Aminatta Forna was born in Glasgow and
raised in Sierra Leone and the United Kingdom. She is the award-winning author
Memory of Love, Ancestor Stones and The
Devil that Danced on the Water. Her new
novel, The Memory of Love (Atlantic Monthly, January 4, 2011), is a story about friendship, war
and obsessive love. It has been selected as one of the Best Books of the Year
by the Sunday Telegraph, the Financial
Times and the Times (U.K.).
On your nightstand now:
books I am reading in different places. In my handbag is Granta's latest edition; David Sedaris next to the bath; Hector
Abad's Oblivion by the bed.
Favorite book when you were a child:
White Fang by Jack London. I borrowed it from
the British Council Library in Freetown and read and re-read the story of a
wolf in the snowscapes of North America in a 40° C African heat. Recently I
bought it for my godson and found I could remember whole passages.
Your top five authors:
Ondaatje, Margaret Atwood, Ngugi wa Thiongo, Pat Barker, Josip Novakovich.
for structure, he is a real writer's writer. Atwood for vision. Pat Barker for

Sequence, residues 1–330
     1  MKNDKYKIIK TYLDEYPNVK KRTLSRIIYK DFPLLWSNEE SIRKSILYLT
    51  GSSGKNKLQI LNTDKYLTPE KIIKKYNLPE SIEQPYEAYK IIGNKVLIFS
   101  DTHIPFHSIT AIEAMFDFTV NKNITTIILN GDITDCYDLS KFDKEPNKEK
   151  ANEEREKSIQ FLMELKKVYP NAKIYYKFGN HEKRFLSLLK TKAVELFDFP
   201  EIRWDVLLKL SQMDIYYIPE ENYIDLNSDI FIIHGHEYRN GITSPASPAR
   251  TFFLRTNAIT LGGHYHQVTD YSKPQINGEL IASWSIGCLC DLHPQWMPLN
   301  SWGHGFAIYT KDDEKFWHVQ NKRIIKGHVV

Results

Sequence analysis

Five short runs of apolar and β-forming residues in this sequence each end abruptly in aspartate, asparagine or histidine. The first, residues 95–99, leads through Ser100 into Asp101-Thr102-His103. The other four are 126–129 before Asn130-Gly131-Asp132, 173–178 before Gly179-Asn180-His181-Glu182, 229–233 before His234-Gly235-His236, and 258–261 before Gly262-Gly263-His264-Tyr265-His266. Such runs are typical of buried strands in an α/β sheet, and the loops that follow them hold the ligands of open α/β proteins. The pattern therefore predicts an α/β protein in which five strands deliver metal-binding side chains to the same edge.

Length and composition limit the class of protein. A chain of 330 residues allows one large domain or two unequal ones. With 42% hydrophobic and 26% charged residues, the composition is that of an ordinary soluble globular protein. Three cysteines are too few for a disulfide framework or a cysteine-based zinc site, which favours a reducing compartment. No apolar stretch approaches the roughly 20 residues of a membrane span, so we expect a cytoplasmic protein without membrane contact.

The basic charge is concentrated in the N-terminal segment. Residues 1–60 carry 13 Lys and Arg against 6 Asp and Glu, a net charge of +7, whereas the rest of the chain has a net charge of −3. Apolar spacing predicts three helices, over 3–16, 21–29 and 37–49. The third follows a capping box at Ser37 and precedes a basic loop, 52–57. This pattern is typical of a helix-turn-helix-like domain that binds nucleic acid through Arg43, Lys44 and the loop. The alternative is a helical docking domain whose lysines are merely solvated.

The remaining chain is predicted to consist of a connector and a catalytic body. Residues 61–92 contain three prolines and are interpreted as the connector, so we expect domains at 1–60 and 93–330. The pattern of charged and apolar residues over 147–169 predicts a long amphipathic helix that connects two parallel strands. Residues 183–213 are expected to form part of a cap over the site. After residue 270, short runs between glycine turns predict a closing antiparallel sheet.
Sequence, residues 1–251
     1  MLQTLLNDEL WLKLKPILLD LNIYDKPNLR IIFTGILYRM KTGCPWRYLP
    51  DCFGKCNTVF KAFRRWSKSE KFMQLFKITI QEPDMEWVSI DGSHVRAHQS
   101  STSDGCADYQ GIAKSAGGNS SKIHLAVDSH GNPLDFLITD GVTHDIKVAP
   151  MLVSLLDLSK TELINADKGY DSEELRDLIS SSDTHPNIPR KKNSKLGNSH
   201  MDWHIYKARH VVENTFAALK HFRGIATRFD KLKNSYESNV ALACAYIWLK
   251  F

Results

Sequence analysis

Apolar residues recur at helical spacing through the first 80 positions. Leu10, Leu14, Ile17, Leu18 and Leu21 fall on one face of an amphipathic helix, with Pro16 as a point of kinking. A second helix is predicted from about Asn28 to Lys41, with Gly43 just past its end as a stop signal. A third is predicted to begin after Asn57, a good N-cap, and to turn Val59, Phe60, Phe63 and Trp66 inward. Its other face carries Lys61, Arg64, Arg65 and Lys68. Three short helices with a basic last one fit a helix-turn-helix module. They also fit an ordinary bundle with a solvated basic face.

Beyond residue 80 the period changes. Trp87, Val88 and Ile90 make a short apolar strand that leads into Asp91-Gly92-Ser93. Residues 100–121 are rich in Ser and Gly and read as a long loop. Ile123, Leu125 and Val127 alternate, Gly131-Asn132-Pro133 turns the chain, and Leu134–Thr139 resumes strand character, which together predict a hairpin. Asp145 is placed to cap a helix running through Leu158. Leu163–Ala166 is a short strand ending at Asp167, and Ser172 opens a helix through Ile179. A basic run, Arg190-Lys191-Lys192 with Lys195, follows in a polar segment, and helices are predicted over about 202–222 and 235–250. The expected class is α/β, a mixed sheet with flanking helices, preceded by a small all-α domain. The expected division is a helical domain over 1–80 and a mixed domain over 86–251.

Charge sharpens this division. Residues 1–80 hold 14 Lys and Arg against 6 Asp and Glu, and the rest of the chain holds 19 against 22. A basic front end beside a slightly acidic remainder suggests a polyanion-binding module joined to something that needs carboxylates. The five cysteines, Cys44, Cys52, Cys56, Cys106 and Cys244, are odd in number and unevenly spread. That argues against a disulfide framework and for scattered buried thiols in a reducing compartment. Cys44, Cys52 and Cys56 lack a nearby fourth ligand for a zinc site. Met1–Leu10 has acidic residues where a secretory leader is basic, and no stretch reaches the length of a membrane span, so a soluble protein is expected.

powerful realism. Ngugi wa Tiongo for language and imagination. Novakovich for humour,
even when writing about war.
Book you've faked reading:
I read law
at university and often feel poorly read compared to English literature
graduates of whom I seem to know a large number. I have never read Dickens,
something I once tried to correct, but failed in the face of the enormity of
the task. Same goes for Jane Austen. I bought all her books last year and discovered
I preferred the miniseries.
Book you're an evangelist for:
Quite a few
actually. Too much great writing doesn't get its due, especially if it is in
translation. Last year it was Laura Escoba's The Rabbit House, about a summer in a safe-house during the
Argentinean Dirty War. This year Hector Abad's Oblivion--finally translated into English.
Book you've bought for the cover:
but if I did it would be The God of Small
Things. I only noticed the poignancy of the cover when I was some way into
the book. Apparently Arundhati Roy photographed it herself. If you haven't read
it, go and buy it and you'll see what I am talking about. If you have, go and
take another look.
Book that changed your life:
Life and Times of Michael K by J.M. Coetzee, which won the
Booker Prize in 1983. It was writing with a purpose that went beyond
entertainment. Political writing is very unfashionable these days and most
writers will go out of their way to claim they are merely storytellers, but
writing out of South Africa at that time--Coetzee, Gordimer, Alan Paton, André
Brink--wore its heart on its sleeve and it was magnificent.
Favorite line from a book:
say when trouble comes close ranks, and so the white people did."--Jean
Rhys, Wide Sargasso Sea. Everything
the book is about.
Book you most want to read again for
the first time:
The Life of Pi by Yann Martel. Because you have to
believe in magic.
Book you wish you had written:
The English Patient by Michael Ondaatje.